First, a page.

• Recurrent variceal bleeding/spontaneous bacterial peritonitis

Lung cancer

Progressive disease

  • Worsening clinical signs – see below
  • Worsening lab values
  • Decreasing functional status
  • Evidence of metastatic disease, especially brain

Clinical signs

  • Pain, nausea or vomiting
  • Dyspnea
  • Significant hemoptysis
  • Superior vena cava syndrome
  • Recurrent pneumonia
  • Pericardial effusion/pleural effusion
  • Any metastasis

Disease stage

  • Stage IV (any T, any N, M1) at initial diagnosis
  • Stage III disease with pleural effusion
  • A patient with stage III disease who continues to decline in spite of therapy, or refuses therapy
  • Performance status Karnofsky score of 70% or less

Prostate cancer

Progressive disease

  • Worsening clinical signs – see below
  • Decreasing functional status
  • Evidence of metastatic disease

Clinical signs

  • Pain, nausea or vomiting
  • Thrombosis or DIC
  • Bone marrow involvement requiring transfusion

Disease stage

  • Stage IV (any T,N,or M1) at initial diagnosis
  • Progression of an earlier stage of disease with either of the following:
    • Patient continues to decline despite definitive therapy
    • The patient is refractory or refuses further treatment

Performance status

Pulmonary disease

Clinical signs

  • Progression of disease documented by any of these symptoms:
    • Dyspnea at rest
    • Dyspnea on exertion
    • Homebound/chairbound
    • Oxygen dependent
    • Copius/purulent sputum
    • Cyanosis: fingertips, lips
    • Barrel chested
    • Poor response to bronchodilators

Functional status

  • Decline in Karnofsky score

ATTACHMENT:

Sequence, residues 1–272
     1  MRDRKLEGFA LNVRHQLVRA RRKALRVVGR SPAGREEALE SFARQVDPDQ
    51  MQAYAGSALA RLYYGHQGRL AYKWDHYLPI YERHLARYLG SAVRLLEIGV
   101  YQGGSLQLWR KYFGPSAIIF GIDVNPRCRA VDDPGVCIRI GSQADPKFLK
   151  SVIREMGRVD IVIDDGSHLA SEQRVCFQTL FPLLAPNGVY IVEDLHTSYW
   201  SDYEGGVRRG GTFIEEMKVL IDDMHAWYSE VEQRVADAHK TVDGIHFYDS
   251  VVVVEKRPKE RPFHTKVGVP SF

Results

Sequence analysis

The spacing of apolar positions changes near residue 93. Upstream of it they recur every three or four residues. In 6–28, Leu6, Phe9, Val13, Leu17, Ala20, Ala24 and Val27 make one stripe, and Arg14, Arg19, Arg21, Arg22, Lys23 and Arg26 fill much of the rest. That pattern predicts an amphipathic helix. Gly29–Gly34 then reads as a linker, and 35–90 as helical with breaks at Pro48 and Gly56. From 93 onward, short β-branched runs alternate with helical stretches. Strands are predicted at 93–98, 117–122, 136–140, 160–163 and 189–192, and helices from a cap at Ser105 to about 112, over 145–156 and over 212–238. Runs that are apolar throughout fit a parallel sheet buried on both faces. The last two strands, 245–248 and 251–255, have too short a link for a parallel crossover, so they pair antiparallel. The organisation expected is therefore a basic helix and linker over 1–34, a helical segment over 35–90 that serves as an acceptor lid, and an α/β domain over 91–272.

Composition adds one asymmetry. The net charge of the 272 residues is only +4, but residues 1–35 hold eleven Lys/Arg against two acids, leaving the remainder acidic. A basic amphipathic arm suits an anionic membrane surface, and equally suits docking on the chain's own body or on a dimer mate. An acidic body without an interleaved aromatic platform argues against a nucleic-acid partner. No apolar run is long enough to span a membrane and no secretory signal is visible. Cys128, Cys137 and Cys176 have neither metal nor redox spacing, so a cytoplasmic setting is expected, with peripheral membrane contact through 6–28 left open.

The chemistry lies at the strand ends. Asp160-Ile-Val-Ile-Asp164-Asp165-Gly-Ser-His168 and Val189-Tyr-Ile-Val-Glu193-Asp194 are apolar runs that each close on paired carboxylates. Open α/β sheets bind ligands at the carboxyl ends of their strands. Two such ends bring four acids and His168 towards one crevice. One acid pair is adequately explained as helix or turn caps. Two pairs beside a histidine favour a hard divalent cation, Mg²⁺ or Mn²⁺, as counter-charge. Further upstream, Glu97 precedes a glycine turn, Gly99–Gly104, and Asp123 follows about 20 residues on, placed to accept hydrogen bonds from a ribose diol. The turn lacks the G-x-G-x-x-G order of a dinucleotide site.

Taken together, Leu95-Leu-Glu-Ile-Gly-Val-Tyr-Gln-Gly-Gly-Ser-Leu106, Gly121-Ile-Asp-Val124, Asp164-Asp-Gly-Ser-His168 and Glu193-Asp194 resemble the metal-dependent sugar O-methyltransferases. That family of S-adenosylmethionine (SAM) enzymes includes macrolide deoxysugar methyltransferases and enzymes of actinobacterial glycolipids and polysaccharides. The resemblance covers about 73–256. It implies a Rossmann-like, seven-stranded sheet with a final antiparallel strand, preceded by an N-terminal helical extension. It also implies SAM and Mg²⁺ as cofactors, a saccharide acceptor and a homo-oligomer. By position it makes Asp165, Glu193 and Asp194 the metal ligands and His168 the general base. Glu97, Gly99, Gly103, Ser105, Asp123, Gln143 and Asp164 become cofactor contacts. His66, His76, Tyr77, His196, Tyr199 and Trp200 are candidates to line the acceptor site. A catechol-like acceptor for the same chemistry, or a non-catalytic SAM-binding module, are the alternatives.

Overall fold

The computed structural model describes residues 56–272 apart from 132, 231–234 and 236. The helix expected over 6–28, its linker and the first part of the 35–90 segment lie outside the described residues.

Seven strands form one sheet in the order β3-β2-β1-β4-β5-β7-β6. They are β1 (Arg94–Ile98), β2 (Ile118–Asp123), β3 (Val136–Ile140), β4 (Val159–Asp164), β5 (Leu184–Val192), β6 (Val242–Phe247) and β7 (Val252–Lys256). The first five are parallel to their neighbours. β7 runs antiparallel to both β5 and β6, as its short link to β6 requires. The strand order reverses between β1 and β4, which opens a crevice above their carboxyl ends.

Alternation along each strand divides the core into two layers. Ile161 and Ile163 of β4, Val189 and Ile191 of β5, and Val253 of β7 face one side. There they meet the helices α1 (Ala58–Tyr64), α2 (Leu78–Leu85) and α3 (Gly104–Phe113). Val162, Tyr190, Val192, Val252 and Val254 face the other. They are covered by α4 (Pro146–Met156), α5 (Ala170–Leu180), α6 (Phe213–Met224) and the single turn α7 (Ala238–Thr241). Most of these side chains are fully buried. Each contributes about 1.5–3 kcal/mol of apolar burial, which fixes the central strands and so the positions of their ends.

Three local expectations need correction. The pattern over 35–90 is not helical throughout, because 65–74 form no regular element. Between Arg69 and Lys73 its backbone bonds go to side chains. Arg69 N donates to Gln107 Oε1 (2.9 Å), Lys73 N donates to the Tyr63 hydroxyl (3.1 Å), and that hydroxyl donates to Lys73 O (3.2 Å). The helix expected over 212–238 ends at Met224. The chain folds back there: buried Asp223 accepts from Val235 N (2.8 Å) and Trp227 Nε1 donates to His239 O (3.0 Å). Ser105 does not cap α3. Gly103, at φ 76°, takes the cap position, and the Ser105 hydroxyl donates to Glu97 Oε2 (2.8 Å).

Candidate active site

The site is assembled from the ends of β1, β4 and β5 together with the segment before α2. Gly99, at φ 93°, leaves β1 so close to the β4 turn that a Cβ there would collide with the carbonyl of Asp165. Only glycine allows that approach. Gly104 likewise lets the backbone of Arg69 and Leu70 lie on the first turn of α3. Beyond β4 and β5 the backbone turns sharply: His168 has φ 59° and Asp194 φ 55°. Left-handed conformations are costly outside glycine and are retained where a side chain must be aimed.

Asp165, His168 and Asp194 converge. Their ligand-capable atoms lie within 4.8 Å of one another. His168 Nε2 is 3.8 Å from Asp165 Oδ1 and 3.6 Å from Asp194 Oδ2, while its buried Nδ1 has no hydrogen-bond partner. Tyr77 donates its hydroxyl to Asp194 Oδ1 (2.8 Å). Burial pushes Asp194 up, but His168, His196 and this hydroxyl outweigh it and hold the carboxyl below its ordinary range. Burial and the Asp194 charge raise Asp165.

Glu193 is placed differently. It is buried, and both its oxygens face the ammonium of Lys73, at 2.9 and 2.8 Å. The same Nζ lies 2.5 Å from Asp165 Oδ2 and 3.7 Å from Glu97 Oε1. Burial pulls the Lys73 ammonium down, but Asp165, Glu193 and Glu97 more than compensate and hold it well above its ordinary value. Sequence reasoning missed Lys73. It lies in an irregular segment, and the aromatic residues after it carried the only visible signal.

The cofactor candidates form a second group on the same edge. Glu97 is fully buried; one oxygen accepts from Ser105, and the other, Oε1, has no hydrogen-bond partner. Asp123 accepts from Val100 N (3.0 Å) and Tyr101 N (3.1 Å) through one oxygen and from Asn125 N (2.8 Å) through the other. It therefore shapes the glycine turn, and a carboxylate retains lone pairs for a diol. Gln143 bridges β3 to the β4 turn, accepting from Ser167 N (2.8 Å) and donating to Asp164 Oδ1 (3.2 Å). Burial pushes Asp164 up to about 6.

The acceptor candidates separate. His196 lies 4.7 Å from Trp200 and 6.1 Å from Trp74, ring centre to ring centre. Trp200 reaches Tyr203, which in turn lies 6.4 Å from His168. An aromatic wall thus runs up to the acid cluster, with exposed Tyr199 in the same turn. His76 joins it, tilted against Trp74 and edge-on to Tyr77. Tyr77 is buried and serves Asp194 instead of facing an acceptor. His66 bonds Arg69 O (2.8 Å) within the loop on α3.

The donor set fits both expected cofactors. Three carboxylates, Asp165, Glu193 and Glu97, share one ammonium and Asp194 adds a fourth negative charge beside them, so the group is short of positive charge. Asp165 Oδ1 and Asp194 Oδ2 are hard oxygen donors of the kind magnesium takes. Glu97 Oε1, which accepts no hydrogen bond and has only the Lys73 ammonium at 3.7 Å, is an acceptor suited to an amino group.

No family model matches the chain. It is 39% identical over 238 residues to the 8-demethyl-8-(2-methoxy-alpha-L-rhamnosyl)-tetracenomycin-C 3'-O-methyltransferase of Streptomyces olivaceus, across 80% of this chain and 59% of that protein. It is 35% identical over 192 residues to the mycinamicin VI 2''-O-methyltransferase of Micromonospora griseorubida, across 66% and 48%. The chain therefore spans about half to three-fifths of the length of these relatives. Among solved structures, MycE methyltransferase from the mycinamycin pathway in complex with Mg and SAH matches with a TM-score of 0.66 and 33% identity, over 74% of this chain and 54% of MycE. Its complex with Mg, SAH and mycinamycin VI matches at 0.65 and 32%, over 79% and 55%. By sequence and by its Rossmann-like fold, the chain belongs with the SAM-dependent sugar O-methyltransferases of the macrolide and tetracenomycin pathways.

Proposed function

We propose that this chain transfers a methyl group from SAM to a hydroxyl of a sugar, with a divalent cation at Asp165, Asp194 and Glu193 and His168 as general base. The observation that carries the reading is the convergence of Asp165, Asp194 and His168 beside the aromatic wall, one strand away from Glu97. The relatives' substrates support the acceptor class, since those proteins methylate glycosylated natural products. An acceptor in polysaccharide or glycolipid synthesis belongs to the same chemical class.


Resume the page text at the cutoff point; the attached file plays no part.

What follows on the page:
• Increased hospitalizations for pulmonary infections
  • Decrease in FEV1 on serial testing of greater than 40 ml/year
  • Hypoxemia at rest on supplemental oxygen
  • Unintentional weight loss in the past 6 months
  • Resting tachycardia (more than 100 per minute)

Renal disease

Clinical signs

  • Uremia: clinical signs of renal failure:
  • Confusion, obtundation
  • Intractable nausea and vomiting
  • Generalized pruritus
  • Restlessness
  • Oliguria: urine output of less than 400 cc/24 hours
  • Intractable hyperkalemia: persistent serum potassium more than 7.0 not responsive to medical treatment
  • Uremic pericarditis
  • Hepatorenal syndrome
  • Intractable fluid overload

Laboratory criteria

  • Both must be present:
    • Creatinine clearance of less than 10 cc/minute
    • Serum creatinine of more than 8.0 mg/dl

Stroke and coma

Clinical/functional status

  • A continuous decline in clinical or functional status means the patient's prognosis is poor acute phase patients
  • Comatose state lasting more than 3 days
  • Comatose patients with any 4 of the following on day 3 of a stroke have 97% mortality by 2 months:
    • Abnormal brain stem response
    • Absent verbal response
    • No response to pain
    • Serum creatinine of more 1.5 mg/dl
    • Age 70 or more
    • Dysphagia severe enough to prevent them from receiving food or fluids

All other conditions

  • The patient has a life-limiting condition
  • The patient and family have been informed that the condition is life-limiting
  • There is documentation of clinical progression of the disease
    • serial physician assessment
    • laboratory studies
    • radiologic or other studies
    • multiple ER visits
    • inpatient hospitalizations
    • home health nursing assessment if patient is homebound
  • There's a recent decline in functional status, such as:
    • requires considerable assistance and frequent medical care
    • is disabled, requires special care and assistance, is unable to care for self, disease may be progressing rapidly
    • Severely disabled, although death is not imminent
    • Very sick, active supportive treatment is necessary
    • Moribund, fatal processes progressing rapidly
    • Patient is dependent in at least 3 of these activities: bathing, dressing, feeding, transfers, continence of urine and stool, ambulation to bathroom
    • recent impaired nutritional status, as evidenced by unintentional, progressive weight loss of 10% over past six months, or serum albumin less than 2.5 gh/dl (may be helpful prognostic indicator but should not be used by itself)